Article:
In United States v. Timmreck, the Supreme Court made it clear that “ ‘collateral relief is not available when all that is shown is a failure to comply with the formal requirements of’ ” Rule 11. Id. 441 U.S. at 785, 99 S.Ct. at 2088 (quoting Hill v. United States, 368 U.S. 424, 429, 82 S.Ct. 468, 471-72, 7 L.Ed.2d 417 (1962)). This Court, in United States v. DeLuca, 889 F.2d at 507, went beyond Timmreck to hold that “a petitioner who has been advised of the possibility of a given sentence but receives instead a sentence of equal or less time in which special parole time is substituted for prison time has not alleged a fundamental defect resulting in a complete miscarriage of justice as is required to sustain a habeas action.” 4
The most factually similar case to the present case, however, is the Second Circuit's Lucas, 963 F.2d 8. In Lucas, the defendant, Lucas, brought a section 2255 habeas motion to have his judgment of conviction vacated, based on the district court's failure to inform him of the maximum possible penalty during his guilty plea. Although the court had advised Lucas of a five-year maximum term of imprisonment, it failed to explain that Lucas was also subject to a $15,000 fine and a mandatory two-year term of special parole. At sentencing, Lucas received four years of imprisonment, a two-year term of special parole, and a fine of $10,000. Id. at 10. In his habeas motion, Lucas asserted that he would not have pled guilty if he had been properly advised about the maximum possible penalty. The district court found that Lucas had suffered a constitutional violation entitling him to collateral relief. Instead of vacating his conviction, however, the court excised the parts of Lucas' sentence which offended Rule 11-the special parole term and the fine. Both Lucas and the Government appealed.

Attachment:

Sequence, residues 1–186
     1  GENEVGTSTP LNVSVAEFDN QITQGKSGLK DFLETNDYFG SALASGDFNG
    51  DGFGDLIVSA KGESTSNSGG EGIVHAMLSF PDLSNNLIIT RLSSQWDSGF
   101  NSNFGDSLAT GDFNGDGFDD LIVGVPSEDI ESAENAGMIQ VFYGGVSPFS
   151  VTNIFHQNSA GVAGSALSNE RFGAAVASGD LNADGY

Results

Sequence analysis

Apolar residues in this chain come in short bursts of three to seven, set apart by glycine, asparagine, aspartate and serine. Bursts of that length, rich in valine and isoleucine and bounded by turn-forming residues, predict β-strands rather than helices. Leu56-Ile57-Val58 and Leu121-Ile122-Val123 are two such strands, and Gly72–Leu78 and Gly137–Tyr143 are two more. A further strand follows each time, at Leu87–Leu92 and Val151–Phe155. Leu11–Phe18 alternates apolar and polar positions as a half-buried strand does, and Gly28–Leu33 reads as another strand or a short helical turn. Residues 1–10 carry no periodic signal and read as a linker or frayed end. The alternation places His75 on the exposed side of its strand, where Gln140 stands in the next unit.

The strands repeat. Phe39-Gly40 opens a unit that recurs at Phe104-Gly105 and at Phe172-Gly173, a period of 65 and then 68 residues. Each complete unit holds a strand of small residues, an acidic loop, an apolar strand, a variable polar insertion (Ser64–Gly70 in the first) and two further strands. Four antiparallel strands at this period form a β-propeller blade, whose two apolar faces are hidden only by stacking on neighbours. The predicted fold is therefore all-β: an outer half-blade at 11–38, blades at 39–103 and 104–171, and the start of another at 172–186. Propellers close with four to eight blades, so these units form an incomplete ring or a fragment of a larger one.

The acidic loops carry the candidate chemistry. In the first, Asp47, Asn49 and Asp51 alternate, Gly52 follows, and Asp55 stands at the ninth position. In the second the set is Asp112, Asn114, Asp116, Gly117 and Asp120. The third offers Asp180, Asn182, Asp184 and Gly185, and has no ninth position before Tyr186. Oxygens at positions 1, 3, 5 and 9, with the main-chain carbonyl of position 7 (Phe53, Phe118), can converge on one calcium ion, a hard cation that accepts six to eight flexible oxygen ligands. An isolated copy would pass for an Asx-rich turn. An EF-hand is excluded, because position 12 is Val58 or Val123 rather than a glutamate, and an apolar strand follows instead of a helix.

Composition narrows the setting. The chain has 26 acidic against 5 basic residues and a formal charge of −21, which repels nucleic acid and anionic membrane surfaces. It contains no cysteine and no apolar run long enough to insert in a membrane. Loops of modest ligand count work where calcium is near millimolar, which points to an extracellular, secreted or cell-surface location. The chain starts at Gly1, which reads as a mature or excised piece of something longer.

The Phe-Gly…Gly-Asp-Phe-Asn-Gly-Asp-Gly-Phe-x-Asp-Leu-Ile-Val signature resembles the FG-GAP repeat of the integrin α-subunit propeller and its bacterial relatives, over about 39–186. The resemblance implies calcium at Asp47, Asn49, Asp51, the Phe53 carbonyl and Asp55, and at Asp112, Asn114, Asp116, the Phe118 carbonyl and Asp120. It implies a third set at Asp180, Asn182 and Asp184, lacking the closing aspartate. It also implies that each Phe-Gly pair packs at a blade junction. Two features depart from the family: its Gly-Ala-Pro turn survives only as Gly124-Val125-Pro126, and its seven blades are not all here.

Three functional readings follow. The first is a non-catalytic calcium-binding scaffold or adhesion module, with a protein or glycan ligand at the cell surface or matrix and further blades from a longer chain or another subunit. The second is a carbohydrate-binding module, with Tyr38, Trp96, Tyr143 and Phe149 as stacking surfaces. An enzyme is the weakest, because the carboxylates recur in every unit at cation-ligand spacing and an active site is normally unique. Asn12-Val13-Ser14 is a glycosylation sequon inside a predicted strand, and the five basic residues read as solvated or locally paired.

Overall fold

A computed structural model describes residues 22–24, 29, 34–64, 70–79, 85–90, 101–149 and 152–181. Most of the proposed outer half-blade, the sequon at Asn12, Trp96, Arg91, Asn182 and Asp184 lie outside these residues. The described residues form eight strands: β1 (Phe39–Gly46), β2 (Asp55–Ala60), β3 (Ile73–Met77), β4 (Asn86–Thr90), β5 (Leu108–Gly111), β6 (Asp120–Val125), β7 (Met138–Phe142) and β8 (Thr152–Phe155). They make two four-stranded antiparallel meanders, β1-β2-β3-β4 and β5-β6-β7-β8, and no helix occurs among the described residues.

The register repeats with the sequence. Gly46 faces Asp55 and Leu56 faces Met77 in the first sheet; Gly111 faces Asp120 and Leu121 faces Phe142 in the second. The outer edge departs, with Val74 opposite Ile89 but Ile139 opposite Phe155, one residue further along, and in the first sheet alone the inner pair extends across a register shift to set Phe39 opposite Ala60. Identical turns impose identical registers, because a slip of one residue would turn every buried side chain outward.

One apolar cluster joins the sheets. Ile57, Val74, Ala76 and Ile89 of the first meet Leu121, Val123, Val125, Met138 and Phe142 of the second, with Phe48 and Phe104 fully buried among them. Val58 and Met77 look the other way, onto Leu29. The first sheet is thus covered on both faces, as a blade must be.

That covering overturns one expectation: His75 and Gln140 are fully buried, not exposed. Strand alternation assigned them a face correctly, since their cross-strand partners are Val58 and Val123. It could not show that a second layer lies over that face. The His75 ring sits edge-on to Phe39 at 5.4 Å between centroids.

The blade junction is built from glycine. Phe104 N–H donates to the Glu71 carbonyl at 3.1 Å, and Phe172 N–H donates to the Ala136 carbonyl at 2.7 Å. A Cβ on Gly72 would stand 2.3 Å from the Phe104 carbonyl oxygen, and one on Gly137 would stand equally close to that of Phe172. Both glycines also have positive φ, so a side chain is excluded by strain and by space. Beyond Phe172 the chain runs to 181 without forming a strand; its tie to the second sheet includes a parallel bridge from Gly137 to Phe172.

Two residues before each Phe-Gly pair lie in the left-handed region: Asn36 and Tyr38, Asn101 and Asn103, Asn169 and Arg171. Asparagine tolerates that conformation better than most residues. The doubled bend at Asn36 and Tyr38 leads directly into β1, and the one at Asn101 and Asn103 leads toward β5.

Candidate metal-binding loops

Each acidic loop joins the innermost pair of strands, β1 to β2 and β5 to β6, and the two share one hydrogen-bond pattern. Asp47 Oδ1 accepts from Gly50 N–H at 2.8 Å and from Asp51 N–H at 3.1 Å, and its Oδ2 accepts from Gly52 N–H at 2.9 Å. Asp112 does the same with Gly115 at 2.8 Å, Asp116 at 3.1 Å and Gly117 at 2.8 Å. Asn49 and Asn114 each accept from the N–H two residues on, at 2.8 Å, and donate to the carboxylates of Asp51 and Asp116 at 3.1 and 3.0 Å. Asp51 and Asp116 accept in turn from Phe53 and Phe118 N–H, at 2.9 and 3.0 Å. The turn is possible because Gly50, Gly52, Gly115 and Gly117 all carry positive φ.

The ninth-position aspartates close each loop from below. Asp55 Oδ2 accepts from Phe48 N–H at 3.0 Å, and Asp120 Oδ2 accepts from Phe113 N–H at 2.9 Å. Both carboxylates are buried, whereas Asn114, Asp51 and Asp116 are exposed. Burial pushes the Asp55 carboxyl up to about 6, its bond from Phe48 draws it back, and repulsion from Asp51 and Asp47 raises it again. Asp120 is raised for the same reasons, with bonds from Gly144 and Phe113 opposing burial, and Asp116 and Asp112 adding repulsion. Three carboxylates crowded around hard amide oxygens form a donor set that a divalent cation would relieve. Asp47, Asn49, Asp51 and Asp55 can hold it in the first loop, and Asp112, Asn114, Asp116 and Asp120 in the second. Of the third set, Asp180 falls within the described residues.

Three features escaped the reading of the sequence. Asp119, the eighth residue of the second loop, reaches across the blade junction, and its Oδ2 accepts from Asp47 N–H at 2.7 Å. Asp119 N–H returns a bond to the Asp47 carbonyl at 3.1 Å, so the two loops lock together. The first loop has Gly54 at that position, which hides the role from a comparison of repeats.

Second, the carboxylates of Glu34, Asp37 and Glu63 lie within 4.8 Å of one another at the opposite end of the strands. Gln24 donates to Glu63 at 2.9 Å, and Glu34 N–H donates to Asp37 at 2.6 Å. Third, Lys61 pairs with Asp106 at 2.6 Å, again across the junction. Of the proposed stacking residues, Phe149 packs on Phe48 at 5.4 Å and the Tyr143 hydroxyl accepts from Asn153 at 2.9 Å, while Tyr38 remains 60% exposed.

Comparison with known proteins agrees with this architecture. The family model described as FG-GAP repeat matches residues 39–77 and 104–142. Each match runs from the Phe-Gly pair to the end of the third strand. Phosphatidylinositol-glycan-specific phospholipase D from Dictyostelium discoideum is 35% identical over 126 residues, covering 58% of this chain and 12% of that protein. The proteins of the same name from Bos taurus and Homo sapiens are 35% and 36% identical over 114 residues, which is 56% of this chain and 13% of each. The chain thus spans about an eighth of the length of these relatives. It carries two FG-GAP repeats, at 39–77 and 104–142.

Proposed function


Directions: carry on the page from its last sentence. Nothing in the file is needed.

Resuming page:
The Second Circuit found that the district court had violated Rule 11(c)(1) by failing to fully advise Lucas, at his change of plea hearing, of the maximum possible penalty for the crime of conviction. However, it determined that Lucas should not be granted collateral relief:
because he acknowledged that he had reviewed the presentence report before sentencing, a report that contained the maximum penalties he faced, including the fine and special parole term; because he failed to object to the sentence; because he failed to attempt to withdraw his plea at sentencing, even when invited by the judge to speak; because he failed to pursue a direct appeal on the issue; because he failed to raise the issue in timely motions and because he failed to demonstrate any other prejudice.
Id. at 15; see also United States v. Carey, 884 F.2d 547, 549 (11th Cir.1989) (court's failure to advise defendant of mandatory term of supervised release at guilty plea was harmless error where defendant was informed of supervised release in presentence report and at sentencing and neither defendant nor his counsel objected), cert. denied, 494 U.S. 1067, 110 S.Ct. 1786, 108 L.Ed.2d 787 (1990).
As in Lucas, Cleary is not entitled to collateral relief because the record supports the conclusion that Cleary was not prejudiced by the court's failure to explain the effects of special parole and that no manifest injustice or unfair procedure occurred here. At the change of plea hearing, the district court instructed Cleary that:
[B]y entering this guilty plea you could be sentenced to prison for up to five years and/or fined up to $15,000. And if the Judge decides that you are to go to jail for any period of time, he must also place you on special parole for a minimum of two years and for whatever maximum period the Judge believes to be appropriate. That means if I decide to send you to jail for any period of time, when you are released from that institution you will be on a special parole term of at least two years and for whatever maximum I think is appropriate.